Clinton had clearly selected Machado as a symbol well in advance, making her the subject of bilingual anti-Trump ads. The morning after the debate, Machado was profiled in the New York Times, interviewed by the Guardian, and featured in Cosmopolitan magazine, all articles that required some preparation.
Featuring Machado was, in some ways, a gamble on the campaign’s part; she’s lived what could be described as an eventful life. After her tenure as Miss Universe, she was accused of being an accomplice to a murder attempt by her then-boyfriend (charges were later dropped) and threatening a judge. She became a telenovela actress and participated in a Spanish reality TV show but was kicked off for having sex with another contestant (which was captured on camera, albeit vaguely).
“Everybody has a past,” Machado said this week. “And I’m not a saint girl.”
It turns out, though, that what otherwise might be liabilities in Machado’s background also made her perfect bait for Trump, who can’t be attacked without attacking in turn.
Donald Trump can’t take criticism without starting a feud
The usual way to dispel an effective attack in a political campaign is for the candidate to acknowledge it as little as possible and immediately change the subject to something more flattering, or to claim that the American people don’t really care about this at all.
Then there is the Trump way, which is to keep talking about the original story and how wrong and bad it is for as long as possible — ensuring that the negative story sticks around, generating new, damaging headlines, day after day.
So Trump spent most of the week after the first debate talking about Machado, Clinton, and how unfair Clinton’s attack was. Every time Trump attacked Machado, it led to another round of coverage, and let everyone whose attention might have wandered at the very end of the debate know that Trump once mocked a Latina beauty queen for her weight and her ethnicity.
On Fox & Friends the morning after the debate, Trump continued to defend his actions in the 1990s: “She was the winner and, you know, she gained a massive amount of weight, and it was a real problem.” Then, early Friday morning, he issued a string of vitriolic tweets about Machado, accusing Clinton of helping her gain citizenship, alluding to the more controversial parts of her past, and urging everyone to “check out [her] sex tape.”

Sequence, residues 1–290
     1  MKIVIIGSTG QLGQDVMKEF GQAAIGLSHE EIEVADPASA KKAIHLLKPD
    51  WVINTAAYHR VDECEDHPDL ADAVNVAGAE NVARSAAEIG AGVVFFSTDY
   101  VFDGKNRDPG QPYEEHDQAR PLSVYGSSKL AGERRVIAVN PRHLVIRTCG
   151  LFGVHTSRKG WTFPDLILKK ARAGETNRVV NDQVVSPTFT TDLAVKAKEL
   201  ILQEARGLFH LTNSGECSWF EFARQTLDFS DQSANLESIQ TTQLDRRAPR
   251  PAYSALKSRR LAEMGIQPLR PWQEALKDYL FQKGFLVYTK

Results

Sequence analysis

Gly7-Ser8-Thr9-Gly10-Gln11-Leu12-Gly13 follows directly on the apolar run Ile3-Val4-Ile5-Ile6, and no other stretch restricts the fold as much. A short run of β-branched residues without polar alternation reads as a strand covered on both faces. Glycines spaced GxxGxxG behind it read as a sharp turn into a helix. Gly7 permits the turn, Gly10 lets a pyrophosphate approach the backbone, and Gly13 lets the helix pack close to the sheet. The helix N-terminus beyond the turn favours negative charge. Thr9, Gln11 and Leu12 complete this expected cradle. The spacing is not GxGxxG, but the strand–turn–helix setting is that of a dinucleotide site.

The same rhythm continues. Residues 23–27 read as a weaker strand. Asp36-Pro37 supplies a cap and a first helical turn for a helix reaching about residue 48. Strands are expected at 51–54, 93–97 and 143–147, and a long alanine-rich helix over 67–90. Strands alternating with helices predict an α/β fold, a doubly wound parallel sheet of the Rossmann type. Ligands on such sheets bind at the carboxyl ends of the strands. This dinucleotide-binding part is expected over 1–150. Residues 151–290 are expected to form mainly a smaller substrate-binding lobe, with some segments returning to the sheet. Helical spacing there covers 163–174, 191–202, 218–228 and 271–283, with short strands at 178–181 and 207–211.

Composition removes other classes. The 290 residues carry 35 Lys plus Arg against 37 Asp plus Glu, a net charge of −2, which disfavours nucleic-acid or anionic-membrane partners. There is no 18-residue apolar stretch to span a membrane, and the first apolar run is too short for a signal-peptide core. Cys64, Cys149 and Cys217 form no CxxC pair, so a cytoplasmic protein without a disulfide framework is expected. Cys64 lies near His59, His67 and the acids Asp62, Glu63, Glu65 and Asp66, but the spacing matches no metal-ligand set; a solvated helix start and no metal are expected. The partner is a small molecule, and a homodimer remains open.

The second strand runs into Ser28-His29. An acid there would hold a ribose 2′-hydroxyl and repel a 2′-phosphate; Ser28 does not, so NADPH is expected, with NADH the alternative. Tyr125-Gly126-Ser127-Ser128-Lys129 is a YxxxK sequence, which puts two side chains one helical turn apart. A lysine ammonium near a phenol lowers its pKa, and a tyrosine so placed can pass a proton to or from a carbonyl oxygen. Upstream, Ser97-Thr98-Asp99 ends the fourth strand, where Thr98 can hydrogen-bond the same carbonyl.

There is no evidence Clinton helped Machado gain citizenship. The “sex tape” Trump referred to is grainy footage of two people under blankets on a Spanish reality TV show; as Snopes pointed out, it’s barely explicit and, given the provenance, possibly manipulated.
“This, of course, is not the first time the candidate insists on discrediting someone or insists on demoralizing women, minorities, and people of certain religions through his hateful campaign,” Machado said in a statement on Instagram. “This is definitely one of his most frightful characteristics. Through his attacks, he's attempting to distract from his campaign's real problems and his inability to be the leader of this great country.”
The Clinton campaign, on Clinton’s Twitter account, argued that Trump’s response should be disqualifying:
When something gets under Donald's thin skin, he lashes out and can't let go. This is dangerous for a president.— Hillary Clinton (@HillaryClinton) September 30, 2016
Trump, meanwhile, said that his early morning tweeting proved what a vigilant president he would be:
For those few people knocking me for tweeting at three o'clock in the morning, at least you know I will be there, awake, to answer the call!— Donald J. Trump (@realDonaldTrump) September 30, 2016